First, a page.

Hosting Space in Community Building
It has been said that facilitation is an art. There’s a poignant quote, which states; if you think it’s expensive to hire a professional, wait until you hire an amateur!
Hosting conversations that matter and creating intentional, purposeful dialogue can be daunting! As community facilitators, we are embarking on a journey of multiple ideas, opinions and attitudes that can potentially swing from interactive, participant-led beauty to frustrated, daunting chaos!
And, I like that!
Many years ago, when I was working in hospitality, paying my way through study, I was working at a family-run hotel and entertainment venue in the Hunter Valley vineyards of NSW, Australia who hosted an annual “Christmas in July” event where busloads of tourists would turn up for the weekend, expect a grand time and leave with personal stories of good wine, roaring fireside discussions and great company.
Quite often, there would be someone who seemed determined to NOT have a good time; the wine wasn’t what they expected, the fire was too hot, the dessert too cold; you know the story… a glass half-empty type of person…
And, I liked them, too!
Inevitably, one of the waitresses would come into the kitchen, often in tears, saying they just couldn’t take the angriness (or abuse) any more and every time, my boss would look at me, almost pleadingly, and I would say, “I’ve got this!” and I’d be off, out the door to the restaurant!
Why? Because I knew the fun was out there, the people were good and sometimes, all this person needed was help to see life through a new lens and to discover that they could be a glass half-full type of person, even if only for one night! I was determined that they would leave saying that they had a good time and I was often thanked, on the side, by their partners or friends, for their turn-around in attitude; it was a great learning ground!
One thing that has always helped me do this is to see the bigger picture by having an eagle-eye view and checking where the dynamics and the flow of the group started, observing where they shifted to and pay attention to where they are heading.
And, it always startswith a conversation and buildinga relationship!
Over the years, I have built on those lessons when working in communities by being aware of which underpinning framework, (which aredocumented here), would be most relevant to any given situation. Sometimes, I do this transparently and offer a range of frameworks to choose from. For example, I recently facilitated a workshop for Emergency Management Victoria (EMV) where the participants were all community facilitators who had a good understanding of the process so I offered three (3) underpinning frameworks to choose from.
|Learning Conversations:||Theory U:||DEC Thinking:|
|CONCERNS – what I don’t want to happen?
DREAMS – what’s my preferred future vision?
SKILLS & ABILITIES –What skills and abilities do we have to share?
|DOWNLOAD – what I think I already know?
REFLECT – letting new ideas emerge
SENSE-MAKING – proto-typing new ways forward
|EXPLORE – a free flow generation of ideas
DISCOVER – discovering possibilities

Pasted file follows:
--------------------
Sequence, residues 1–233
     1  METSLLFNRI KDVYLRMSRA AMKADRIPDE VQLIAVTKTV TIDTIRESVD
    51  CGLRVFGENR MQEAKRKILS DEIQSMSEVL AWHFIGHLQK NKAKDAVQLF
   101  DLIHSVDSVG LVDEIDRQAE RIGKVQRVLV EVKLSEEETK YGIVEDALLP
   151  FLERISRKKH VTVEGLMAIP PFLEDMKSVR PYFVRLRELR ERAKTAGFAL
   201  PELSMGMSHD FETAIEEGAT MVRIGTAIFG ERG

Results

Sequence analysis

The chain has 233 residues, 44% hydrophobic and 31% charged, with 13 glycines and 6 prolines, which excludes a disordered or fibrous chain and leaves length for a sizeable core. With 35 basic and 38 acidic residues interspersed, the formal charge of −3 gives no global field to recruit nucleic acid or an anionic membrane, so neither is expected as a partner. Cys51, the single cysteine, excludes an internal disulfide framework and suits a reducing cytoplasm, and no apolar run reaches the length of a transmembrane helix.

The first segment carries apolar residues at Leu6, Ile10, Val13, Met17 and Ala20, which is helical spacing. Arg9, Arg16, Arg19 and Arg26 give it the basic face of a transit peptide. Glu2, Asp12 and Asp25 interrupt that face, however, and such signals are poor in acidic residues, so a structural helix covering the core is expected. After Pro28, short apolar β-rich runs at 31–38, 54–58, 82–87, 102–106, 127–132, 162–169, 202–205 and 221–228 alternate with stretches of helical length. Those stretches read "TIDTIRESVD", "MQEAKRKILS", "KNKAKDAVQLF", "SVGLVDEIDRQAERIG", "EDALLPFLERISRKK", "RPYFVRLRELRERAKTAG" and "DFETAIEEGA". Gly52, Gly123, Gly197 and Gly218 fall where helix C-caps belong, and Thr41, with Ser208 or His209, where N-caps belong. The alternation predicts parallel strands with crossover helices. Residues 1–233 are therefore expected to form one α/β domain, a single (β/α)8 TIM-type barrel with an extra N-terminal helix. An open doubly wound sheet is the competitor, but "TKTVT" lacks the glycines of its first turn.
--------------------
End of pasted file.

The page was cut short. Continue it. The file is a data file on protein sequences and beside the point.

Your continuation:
DECISION-MAKING – prioritising and making decisions
During the explanation of the frameworks, the participants had open discussions about the challenges, issues, successes and needed resources so, following these open discussions, and based on my suggestion, it was decided to go with a blend of the 3, as shown below:
The blended, participant-driven agenda:
1. Concerns – what I don’t want to happen?
2. Dreams – what is my preferred future vision?
3. Discover – what possibilities are emerging?
4. Skills and abilities – what do we have to share?
5. Decision-making – prioritising and making recommendations
6. Rear-view – summary
Other times, I hold a framework lightly, in the forefront of my mind, as we journey through an open discussion, together. For example, I facilitated a community-led, economic forum in Sydney where the organisers contacted me before the gathering and warned me about 2 particularly ‘grumpy locals’ who would be attending and suggested that I not let them talk, at all!
In response, I invited the organisersto; trust the process, try to shift their thinking of the grumblings from something negative to seeing the positivity of the local’s passion and I held the divergent/emergent/convergent thinking framework lightly as we proceeded throughout the day. The 2 community members in question made themselves known very early on in the day and I held the space open and available for all types of discussions to emerge and waited for the “groan zone”, which arrived during Open Space sessions.
Aside: for those of you who know Open Space, you will know that was the perfect place for their passion to emerge and when not one of the 150 people present joined their group, they had a very constructive, reflective conversation about how to engage others better around the topic they were so very passionate about! Magic!
In community building, we can utilise these patterns and practices to sense the energy and flow of the community members and/or participants and hostthe space for others to feel confident enough to step up and engage deeply. While it does take skill, it’s not insurmountable when you approach each community conversation openly and flexibly. By remembering that silence is part of the conversation and loud (angry) voices translates to passion, we can successfully host others by firstly hosting ourselves and being prepared to allow anything to happen, no matter how daunting!